Ernest Cole: Photographer

SEPT. 3–DEC. 6, 2014

Ernest Cole (1940–90),
one of South Africa’s first black photojournalists, compassionately but unflinchingly portrayed the lives of black people as they negotiated apartheid’s racist laws and oppression. Ernest Cole: Photographer features over 100 rare black-and-white gelatin silver prints from Cole’s remarkable archive. While many of the photo-graphs expose segregation, destitution, and violence, others depict intimate moments of children at play, mothers smiling, couples dancing, and friends joking. Cole was arrested and fled South Africa in 1966, never to return. This is the first major solo museum show of his striking images, which are illuminated by incisive captions from his book House of Bondage (1967). Organized by the Hasselblad Foundation in Gothenburg, Sweden, the exhibition is accompanied by a fully illustrated catalogue.

The Left Front: Radical
Art in the "Red Decade,"

JAN. 13–APRIL 4, 2015

The Left Front highlights work produced by American artists amid the economic and social devastation of the Great Depression. Joining forces in the John Reed Club and its successor, the American Artists’ Congress, a group of intellectuals and artists— among them Isabel Bishop, Louis Lozowick, John Sloan, and Raphael Soyer— tackled themes ranging from class struggle, civil and workers’ rights, immigration, socialist mysticism, and utopian communities to the Spanish Civil War. Presenting prints, posters, paintings, and books—including selections from NYU’s Tamiment Library—the exhibition queries what revolutionary art was then, and what it could be today. Organized by the Mary and Leigh Block Museum of Art at Northwestern University, the exhibition is accompanied by an illustrated publication.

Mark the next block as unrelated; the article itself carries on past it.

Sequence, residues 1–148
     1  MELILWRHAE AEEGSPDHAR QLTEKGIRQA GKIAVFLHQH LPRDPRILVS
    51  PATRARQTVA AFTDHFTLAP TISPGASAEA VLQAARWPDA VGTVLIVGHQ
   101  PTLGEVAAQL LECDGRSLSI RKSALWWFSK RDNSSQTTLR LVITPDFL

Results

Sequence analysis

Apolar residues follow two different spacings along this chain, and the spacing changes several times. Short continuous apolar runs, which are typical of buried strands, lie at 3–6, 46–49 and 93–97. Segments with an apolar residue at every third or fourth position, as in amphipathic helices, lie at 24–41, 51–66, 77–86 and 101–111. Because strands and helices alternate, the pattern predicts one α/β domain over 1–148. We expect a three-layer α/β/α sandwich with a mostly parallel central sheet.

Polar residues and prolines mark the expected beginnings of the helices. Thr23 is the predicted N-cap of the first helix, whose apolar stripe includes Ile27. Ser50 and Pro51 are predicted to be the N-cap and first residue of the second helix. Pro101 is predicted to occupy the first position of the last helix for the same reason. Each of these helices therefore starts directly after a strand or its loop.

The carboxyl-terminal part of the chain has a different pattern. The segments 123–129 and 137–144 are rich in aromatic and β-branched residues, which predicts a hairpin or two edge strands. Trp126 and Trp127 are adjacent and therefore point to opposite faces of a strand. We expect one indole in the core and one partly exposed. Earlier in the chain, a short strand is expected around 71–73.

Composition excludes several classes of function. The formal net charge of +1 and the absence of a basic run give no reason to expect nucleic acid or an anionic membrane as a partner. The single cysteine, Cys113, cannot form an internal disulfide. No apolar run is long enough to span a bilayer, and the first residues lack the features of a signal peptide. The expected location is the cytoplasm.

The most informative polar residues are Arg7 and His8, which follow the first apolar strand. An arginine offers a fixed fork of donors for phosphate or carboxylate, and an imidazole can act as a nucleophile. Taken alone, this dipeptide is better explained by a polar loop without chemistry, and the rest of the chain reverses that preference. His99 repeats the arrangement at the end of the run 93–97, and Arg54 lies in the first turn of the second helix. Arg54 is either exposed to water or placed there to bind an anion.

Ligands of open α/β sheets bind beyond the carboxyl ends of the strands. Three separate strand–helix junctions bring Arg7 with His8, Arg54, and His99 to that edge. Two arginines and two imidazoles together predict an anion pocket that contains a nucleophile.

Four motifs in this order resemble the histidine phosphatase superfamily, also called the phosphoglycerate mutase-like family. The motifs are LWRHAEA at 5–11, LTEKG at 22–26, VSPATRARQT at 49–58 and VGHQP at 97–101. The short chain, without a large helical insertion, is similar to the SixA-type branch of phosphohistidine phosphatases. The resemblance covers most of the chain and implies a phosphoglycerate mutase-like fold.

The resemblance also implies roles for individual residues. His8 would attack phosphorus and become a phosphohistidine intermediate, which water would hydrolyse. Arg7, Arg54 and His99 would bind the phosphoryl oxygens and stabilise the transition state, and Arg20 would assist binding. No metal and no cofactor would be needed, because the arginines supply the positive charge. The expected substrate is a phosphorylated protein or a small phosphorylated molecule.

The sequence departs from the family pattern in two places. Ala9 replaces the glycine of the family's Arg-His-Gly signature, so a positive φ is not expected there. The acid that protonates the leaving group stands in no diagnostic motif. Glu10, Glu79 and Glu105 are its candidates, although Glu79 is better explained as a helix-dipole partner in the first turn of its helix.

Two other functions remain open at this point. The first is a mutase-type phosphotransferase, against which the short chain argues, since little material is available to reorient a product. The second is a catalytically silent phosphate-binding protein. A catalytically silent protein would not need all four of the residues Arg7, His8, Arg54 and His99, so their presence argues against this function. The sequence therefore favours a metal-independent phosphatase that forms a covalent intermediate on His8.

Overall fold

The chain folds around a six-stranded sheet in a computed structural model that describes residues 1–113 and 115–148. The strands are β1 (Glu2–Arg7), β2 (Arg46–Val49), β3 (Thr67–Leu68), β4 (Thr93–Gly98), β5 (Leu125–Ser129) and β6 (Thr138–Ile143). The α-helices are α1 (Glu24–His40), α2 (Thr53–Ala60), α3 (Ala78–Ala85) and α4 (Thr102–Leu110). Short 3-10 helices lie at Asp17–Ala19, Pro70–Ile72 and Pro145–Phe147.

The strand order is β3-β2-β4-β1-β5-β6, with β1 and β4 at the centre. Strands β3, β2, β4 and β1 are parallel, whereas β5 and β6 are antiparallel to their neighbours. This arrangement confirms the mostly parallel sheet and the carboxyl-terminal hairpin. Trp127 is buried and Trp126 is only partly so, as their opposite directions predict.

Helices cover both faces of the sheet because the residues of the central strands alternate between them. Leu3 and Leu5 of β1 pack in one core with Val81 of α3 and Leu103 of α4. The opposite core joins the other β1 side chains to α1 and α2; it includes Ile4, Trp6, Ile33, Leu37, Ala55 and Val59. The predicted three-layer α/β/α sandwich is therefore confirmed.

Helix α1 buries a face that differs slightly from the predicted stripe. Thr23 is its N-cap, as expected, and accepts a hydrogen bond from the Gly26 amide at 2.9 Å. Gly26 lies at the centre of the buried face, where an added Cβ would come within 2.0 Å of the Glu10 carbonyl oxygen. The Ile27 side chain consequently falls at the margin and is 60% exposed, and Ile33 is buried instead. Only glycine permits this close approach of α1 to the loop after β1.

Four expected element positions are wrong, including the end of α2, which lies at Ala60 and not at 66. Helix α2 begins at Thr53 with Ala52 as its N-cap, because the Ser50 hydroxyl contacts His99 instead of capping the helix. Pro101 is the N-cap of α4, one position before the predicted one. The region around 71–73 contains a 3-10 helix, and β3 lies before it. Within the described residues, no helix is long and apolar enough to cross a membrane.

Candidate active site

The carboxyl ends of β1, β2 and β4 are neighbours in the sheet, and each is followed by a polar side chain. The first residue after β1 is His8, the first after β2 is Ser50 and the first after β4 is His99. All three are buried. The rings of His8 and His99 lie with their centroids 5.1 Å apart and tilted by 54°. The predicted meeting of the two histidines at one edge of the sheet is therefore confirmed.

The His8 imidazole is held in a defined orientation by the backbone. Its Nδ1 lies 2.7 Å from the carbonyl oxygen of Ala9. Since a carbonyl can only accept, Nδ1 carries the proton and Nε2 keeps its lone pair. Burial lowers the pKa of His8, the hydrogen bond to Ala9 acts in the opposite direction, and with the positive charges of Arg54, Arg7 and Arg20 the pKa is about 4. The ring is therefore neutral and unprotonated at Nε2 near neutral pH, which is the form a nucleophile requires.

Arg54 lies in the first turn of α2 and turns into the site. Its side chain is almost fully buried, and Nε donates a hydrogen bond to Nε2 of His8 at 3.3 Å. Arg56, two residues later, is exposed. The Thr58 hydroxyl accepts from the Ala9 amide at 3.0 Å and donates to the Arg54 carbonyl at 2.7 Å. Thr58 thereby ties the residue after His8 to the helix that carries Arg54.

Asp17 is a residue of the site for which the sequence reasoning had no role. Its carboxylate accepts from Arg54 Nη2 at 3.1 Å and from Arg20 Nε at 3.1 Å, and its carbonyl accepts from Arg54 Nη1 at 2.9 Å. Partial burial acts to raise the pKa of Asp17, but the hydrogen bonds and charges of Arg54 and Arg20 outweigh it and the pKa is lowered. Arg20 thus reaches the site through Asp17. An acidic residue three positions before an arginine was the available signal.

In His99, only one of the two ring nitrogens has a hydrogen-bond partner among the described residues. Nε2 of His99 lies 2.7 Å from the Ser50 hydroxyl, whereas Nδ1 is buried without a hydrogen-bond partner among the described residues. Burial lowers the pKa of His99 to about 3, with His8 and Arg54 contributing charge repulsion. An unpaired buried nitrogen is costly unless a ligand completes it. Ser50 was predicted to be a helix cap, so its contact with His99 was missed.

Abby Grey and Indian Modernism: Selections from the NYU Art Collection

In the wake of India's independence from British rule in 1947, the country's artists experimented with new approaches, forming its first modernist schools. During five trips to India from the late
1960s to early '70s, Abby Weed Grey—founder of NYU's Grey Art Gallery—explored this burgeoning art scene. Abby
Grey and Indian Modernism: Selections from the NYU Art Collection
spotlights her pioneering collecting efforts, which resulted in a significant trove of post–Indian Independence art in the United States. Featuring approximately 25 works alongside documentation of Mrs. Grey's travels, this exhibition examines Indian modernism through the lens of her ardent engagement with India and its art. Curated by Susan Hapgood and Ranjit Hoskote, the exhibition will be accompanied by an illustrated publication.

Tseng Kwong Chi:
Performing for the Camera

APRIL 21–JULY 11, 2015

Born in Hong Kong and later based in New York City,
Tseng Kwong Chi (1950–1990) produced a large body of witty, playful, performance-
based photography that both captures the pivotal Manhattan downtown and club scenes and reflects the increasingly globalized movement of people across nations and continents. In so doing, he raised critical questions about identity and culture. Featuring cutting-
edge examples from Tseng’s archive that have rarely or never been shown, Tseng Kwong Chi: Performing for the Camera is the first major solo museum exhibition of his works, which have long sparked the imaginations of younger artists. Organized by the Chrysler Museum of Art and the Grey Art Gallery, NYU, the exhibition is accompanied by an illustrated catalogue.



Support the Grey